Furthermore he doubles down here. Trust me if he was a white man and he labelled a brown skinned person a "porch monkey" he would be fired. For those of you that don't know "porch monkey" is a historical racial slur for black Americans and refers to Blacks being thought of as lazy. As if they have nothing better to do than to sit at their front porch of their home.

And he triples down. I really hope this obnoxious clown realises just how stupid he sounds here. I'm not going to comment as to whether Murtaza is a racist or not but he does use very racialized language in relation to Maajid Nawaz. It's similar to how white racists would object to white people mixing with black people because it could bring dishonor on "the white race". The principle with Murtaza is the same, to him the fact Maajid (a muslim) is collabarating with Sam (an atheist) and are speaking in a very honest yet nuanced way about the problems currently with Islam, Islamism and Jihadism today is to him paramount to them viciously attacking muslims somehow and he must feel the need to stop this by labelling Maajid as a "porch monkey" to portray him as part of the white supremacist "system" in order to discredit Maajid amongst muslims. This just reveals he has no way of addressing either Maajid or Sam without having to resort to gutter racialized identity politics.

This is by no means the first time Murtaza has done this. Below you see him you see him call an ex-muslim a "chamcha colonial leftover". Chamca in Urdu basically means an "ass kisser" so Murtaza's insult is a variation of the native informant. This sort of tribal mentality that we label any reformist muslim or ex-muslim who criticises Islam in a way you don't like as being a "native informant", "porch monkey", "house muslim" is very dishonest and actually quite vile. Maajid and others should actually take it a sign of victory that he's getting called these names as it shows that these regressives have no arguments to refute him and can only resort to pitiful, racialized insults.

Finally we have this

I really must take issue with what is being said above. The idea that certain issue can only be assigned to certain people (e.g only muslims can talk about Islam) is just absurd. Islamism and Jihadism of course primarily harms muslims and that fact should be acknowledged however it also affects non muslims in the fact that in many muslim countries these actors do persecute non muslims and Jihadists have done numerous attacks in Europe and North America. And Sam Harris has even said this is issue the biggest global moral and political issue of our time. So Iyad get used to non muslims being interested in this debate I'm sure you comment on alot of topics that you are not directly related to so I could use the same facile argument against you. What matters is not the identity of the person making the argument but the content of what they are saying.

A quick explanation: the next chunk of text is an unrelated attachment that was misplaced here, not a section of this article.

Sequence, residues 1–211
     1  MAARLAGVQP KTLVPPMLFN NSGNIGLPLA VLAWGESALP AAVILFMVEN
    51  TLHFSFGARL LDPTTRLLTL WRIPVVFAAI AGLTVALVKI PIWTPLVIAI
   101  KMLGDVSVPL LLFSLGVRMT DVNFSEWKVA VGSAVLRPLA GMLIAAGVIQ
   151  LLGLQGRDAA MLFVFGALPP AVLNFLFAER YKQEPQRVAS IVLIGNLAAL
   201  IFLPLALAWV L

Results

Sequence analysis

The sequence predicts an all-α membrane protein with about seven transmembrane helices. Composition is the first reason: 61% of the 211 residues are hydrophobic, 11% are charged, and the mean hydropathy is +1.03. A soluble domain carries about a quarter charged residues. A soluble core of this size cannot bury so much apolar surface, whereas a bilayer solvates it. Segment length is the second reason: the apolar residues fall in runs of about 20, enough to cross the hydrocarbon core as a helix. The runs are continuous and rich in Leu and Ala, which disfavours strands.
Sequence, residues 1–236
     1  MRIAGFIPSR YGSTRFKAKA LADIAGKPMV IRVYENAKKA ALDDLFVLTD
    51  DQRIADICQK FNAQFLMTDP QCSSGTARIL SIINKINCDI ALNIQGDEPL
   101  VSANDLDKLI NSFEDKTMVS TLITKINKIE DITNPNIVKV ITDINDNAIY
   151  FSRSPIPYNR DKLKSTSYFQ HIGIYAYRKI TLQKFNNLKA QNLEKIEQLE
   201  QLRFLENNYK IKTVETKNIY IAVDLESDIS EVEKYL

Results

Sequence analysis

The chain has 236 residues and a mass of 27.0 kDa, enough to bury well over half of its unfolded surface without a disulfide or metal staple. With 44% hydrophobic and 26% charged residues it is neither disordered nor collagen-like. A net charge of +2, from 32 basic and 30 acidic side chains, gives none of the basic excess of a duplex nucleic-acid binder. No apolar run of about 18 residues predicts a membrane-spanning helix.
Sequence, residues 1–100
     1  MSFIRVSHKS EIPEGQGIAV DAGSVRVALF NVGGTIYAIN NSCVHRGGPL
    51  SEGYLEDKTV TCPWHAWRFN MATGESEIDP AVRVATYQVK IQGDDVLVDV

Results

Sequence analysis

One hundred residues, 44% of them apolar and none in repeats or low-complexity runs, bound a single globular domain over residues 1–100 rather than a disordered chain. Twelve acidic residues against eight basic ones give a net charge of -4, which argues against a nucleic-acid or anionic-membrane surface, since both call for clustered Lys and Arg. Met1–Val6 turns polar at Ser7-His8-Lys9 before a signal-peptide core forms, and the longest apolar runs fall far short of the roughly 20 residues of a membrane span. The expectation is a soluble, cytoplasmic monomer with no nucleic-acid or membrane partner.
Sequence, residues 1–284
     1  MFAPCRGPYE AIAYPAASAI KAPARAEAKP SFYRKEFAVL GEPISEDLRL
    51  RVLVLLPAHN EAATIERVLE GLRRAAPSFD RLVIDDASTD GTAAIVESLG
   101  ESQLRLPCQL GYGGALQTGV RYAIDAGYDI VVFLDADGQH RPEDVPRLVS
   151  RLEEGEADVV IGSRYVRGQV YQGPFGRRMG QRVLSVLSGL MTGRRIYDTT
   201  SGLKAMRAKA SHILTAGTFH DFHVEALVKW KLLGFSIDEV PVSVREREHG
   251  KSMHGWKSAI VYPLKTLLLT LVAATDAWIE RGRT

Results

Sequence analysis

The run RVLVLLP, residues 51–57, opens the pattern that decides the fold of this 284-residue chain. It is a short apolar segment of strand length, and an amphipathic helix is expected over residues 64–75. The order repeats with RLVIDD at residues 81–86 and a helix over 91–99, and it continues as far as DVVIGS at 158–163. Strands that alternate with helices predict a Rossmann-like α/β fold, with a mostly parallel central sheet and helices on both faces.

One must state that I don't think Iyad is a "regressive" I think he is a very interesting person who does say some wise things however in this instance I really must take issue with his quite frankly stupid tweet.

The secular liberal left has pretty much fractured. The were already cracks there in the aftermath of 9/11 best shown in the exchange Noam Chomsky and Christopher Hitchens had looking into the origins of 9/11. However since the Ben Affleck-Sam Harris debacle on Real Time with Bill Maher I feel those cracks are wide open and there are two distinct sides in this argument engaging in a intellectual war that will define the secular left's moral stance on this issue. On one side you have people like Sam Harris, Richard Dawkins, Bill Maher, Ayaan Hirsi Ali, Ali Rizvi, Faisal Saeed Al-Mutar, Sarah Haider and many others whose basic argument is beliefs and ideas matter and when people act upon those ideas and say they do, we must take it seriously, fight vigorously against it and support those fighting agaisnt it and advocating reform.

While the regressive opposition composed of characters like Reza Aslan, Glenn Greenwald, Murtaza Hussian, the abysmal plagarist CJ Werleman, Cenk Uygur, Sam Seder etc who will do their utmost best to make excuses, crappy moral equivalences, engage in masochist self blame and general obfuscation which does not advance the idea of an honest debate but merely makes it toxic which does not help muslims and non muslims. Who wins in this intellectual battle matters as it will define what the secular left stands for on this topic which is so important as the secular left is the only force in the world that is best placed to fight against Islamism and the forces of Jihadism and if they buckle and fracture into oblivion then things are not going to be great in the future. Think on that.